With Donald Trump now ensconced in the White House, self-styled, anti-establishment populists are in charge of the world’s two largest democracies: India and the United States. Trump’s chief strategist, Stephen Bannon, believes that this is no coincidence but rather proof of a global "center-right revolt," And in 2014, as chairman of Breitbart News, Bannon singled out that year’s election of India’s Hindu nationalist prime minister, Narendra Modi, as an early indicator.

After Trump promised to be a “true friend” to India and praised Modi during the campaign, some commentators claimed to see a "bromance" on the horizon. Since Trump officially became president, the two men have spoken, and the Indian prime minister even tweeted about their “warm conversation.” There have also been meetings between key foreign policy and security officials from both sides. And, according to Pramit Pal Chaudhuri, foreign editor of India’s Hindustan Times, Trump administration officials have been telling their Indian counterparts that they are under “orders that this relationship must be good.” 

Their boss has not spelled out exactly why he is so keen on India, although it is worth noting that there are five Trump Tower projects already underway in India making it one of the company’s biggest investments outside North America. Arguably, Trump is simply expressing his signature enthusiasm for a relationship that has been on an upward trajectory ever since former President George W. Bush signed a landmark nuclear cooperation deal with India. The mutual suspicions of the Cold War era have subsided as the interests of the two democracies have increasingly aligned over issues, such as confronting China and combating terrorism. India has also opened up its fast-growing economy to outside investment. One sign of the shift is a jump in the United States’ arms sales to India, both in quantity and sophistication—it is increasingly supplanting Russia as India’s key weapons supplier. 

Yet beyond the overlapping interests, there are also intriguing similarities between the two leaders’ styles, the basis for their popular appeal. Namely, both have triumphed electorally by selling themselves as saviors of the nation while pursuing what one could call “majority grievance politics.” With Trump, that means appealing to his mostly white American base while Modi has tapped into anxieties within India’s Hindu majority about losing out to minorities, particularly the country’s Muslim population. “Good days are coming,” Modi promised the massive, frenzied crowds who attended his 2014 campaign rallies.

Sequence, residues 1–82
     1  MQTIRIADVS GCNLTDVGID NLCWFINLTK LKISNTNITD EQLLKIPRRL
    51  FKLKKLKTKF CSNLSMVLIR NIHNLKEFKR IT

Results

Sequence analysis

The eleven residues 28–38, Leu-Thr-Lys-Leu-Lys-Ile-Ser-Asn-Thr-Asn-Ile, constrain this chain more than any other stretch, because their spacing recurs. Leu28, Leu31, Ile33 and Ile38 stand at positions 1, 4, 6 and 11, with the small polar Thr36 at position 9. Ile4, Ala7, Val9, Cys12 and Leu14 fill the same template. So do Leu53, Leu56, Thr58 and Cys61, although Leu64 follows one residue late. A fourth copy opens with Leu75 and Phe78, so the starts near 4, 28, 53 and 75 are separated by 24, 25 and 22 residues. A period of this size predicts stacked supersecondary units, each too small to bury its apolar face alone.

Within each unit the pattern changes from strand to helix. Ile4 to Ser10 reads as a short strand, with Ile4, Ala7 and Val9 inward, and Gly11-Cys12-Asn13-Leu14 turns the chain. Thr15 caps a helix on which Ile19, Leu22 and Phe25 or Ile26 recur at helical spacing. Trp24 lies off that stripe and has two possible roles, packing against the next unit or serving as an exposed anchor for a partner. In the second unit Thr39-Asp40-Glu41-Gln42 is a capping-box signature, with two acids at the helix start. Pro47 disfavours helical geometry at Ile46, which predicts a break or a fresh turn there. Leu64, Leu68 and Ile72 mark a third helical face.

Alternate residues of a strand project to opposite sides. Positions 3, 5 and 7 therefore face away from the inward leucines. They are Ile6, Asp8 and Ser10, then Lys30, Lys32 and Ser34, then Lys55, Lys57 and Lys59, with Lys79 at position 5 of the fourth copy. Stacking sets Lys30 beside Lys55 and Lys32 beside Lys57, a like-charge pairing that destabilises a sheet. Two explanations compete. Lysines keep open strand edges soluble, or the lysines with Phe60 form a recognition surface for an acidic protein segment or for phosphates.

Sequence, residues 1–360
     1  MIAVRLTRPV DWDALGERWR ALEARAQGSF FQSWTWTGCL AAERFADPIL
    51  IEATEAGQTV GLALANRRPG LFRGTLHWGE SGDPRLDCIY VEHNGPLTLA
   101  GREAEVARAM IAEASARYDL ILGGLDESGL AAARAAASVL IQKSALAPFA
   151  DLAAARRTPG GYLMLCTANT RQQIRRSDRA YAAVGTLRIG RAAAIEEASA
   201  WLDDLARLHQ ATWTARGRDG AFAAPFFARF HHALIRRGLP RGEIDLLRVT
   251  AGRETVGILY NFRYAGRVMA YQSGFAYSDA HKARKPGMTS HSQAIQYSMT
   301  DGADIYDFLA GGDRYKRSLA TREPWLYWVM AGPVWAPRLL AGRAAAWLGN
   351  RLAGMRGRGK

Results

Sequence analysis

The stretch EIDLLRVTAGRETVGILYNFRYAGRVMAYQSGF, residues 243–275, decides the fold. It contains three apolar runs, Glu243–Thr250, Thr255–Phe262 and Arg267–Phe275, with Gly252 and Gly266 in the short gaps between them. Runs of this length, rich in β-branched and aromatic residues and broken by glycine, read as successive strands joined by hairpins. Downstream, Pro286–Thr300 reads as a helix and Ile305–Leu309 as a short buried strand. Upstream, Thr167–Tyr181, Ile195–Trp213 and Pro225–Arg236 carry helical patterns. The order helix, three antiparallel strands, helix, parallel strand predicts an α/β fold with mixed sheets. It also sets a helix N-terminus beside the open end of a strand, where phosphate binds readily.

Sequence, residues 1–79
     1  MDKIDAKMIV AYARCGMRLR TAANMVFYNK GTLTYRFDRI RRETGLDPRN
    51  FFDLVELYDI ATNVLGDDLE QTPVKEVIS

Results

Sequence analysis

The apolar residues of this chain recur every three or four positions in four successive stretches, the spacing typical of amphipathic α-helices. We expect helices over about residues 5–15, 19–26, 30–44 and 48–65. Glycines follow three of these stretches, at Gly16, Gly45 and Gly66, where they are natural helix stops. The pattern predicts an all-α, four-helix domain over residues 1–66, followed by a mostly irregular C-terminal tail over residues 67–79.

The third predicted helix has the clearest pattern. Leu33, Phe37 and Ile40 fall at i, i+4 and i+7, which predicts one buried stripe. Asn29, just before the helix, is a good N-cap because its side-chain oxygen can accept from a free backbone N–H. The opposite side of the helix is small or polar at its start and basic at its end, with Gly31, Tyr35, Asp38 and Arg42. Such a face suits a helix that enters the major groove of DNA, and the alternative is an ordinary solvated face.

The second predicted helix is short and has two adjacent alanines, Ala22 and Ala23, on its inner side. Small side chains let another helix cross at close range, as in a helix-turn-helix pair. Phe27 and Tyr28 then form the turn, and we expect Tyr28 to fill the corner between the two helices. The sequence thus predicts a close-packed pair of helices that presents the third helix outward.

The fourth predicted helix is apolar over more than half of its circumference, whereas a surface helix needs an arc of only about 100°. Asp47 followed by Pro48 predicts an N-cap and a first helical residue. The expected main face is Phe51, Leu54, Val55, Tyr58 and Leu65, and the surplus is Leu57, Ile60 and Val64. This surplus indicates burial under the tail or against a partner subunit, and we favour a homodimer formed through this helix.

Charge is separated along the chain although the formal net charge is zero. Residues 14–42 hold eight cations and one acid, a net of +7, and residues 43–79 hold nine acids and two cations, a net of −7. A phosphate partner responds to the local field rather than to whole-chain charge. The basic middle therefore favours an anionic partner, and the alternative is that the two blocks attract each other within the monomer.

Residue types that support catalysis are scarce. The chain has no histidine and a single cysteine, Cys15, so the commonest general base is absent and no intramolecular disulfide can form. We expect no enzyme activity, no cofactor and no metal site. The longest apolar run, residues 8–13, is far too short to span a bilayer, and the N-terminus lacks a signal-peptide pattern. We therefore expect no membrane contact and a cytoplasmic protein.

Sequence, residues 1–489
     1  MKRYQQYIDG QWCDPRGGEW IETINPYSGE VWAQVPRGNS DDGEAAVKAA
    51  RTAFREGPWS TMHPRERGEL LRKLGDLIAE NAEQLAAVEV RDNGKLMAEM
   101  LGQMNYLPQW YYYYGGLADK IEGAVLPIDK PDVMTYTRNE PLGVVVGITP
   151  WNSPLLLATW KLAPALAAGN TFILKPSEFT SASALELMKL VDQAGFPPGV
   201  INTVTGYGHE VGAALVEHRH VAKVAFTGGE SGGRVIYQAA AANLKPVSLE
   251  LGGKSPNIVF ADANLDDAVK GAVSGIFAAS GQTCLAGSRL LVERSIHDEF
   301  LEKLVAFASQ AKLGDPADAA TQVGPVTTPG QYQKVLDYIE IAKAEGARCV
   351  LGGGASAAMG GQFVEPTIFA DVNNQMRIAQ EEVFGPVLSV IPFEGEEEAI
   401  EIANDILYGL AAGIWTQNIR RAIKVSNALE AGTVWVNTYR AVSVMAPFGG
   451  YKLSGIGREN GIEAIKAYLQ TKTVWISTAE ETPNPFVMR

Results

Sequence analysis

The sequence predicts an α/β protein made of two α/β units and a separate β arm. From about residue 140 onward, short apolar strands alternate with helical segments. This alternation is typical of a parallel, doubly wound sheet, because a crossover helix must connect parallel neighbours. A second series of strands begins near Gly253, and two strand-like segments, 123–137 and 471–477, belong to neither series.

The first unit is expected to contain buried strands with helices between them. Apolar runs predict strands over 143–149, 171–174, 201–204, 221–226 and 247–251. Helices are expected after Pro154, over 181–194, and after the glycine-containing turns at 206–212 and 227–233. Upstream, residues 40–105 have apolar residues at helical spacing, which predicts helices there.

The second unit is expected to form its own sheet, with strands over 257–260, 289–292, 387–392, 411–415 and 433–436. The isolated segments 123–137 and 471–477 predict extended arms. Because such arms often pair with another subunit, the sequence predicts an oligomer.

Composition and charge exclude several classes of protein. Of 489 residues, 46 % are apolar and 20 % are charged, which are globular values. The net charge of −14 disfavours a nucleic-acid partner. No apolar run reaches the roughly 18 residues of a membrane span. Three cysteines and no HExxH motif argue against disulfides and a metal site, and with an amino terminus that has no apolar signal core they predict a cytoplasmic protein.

Over the six months of reporting on Modi’s campaign, I watched his brand of macho politics develop—he once boasted of having a 56 inch chest—and the singular way in which he connected with voters. He used powerful, straightforward language to communicate stirring nationalist ideas, which resonated with tens of millions of Indians frustrated with their country’s progress. He was offering them not just greater prosperity but an India with greater international clout—one that was en route to becoming a superpower. Modi made much of his humble origins in his home state of Gujarat, selling himself as a Delhi outsider who would sweep into the capital to shake up the old order, dominated by an elite revolving around the Gandhi dynasty-led Congress party then in power. His slogan might as well have been “Make India Great Again.” 

The Indian prime minister, who has more Twitter and Facebook followers than Trump, has also long used social media to bypass the mainstream media. Unlike the U.S. president, he has not targeted the media, but has kept it at arm’s length since 2002, when bloody religious riots broke out in Gujarat while he was in charge of the western state, leading to widespread accusations that he allowed the violence to occur. In 2015, he launched his own app, offering constant updates on his activities. A vast army of online trolls have sprung up to pounce on any critics. Much of this trolling is orchestrated by his own party’s social media cell, according to a former insider. This all contributed to a burgeoning cult of personality around Modi. One senior Indian government official who has worked with Modi sees a clear similarity with Trump, noting, “They have both proven immune so far to all criticism or legal challenges.”

An Indian-American donor to the Trump campaign, Shalabh Kumar, claims to have facilitated the first face-to-face meeting between the two leaders last July– though there is no detailed record of the event. Kumar has past ties to Modi and has been working overtime to make the “bromance” happen. He believes that New Delhi and Washington have shared interests, including in trade and fighting radical Islam.

Kumar is the founder of the Republican Hindu Coalition, a lobbying group that pushes for deeper ties between Republicans and American Hindus as well as with India itself. It organized the glitzy New Jersey 2016 campaign event during which Trump heaped praise on Modi. Most recently, Kumar penned an op-ed for Breitbart, calling the two leaders “kindred spirits” prepared to stand up to “political elites” to get things done. Terrorists were now running scared, he claimed, because India and the United States have a “shared yearning to eliminate, once and for all, the scourge of Islamic extremism.”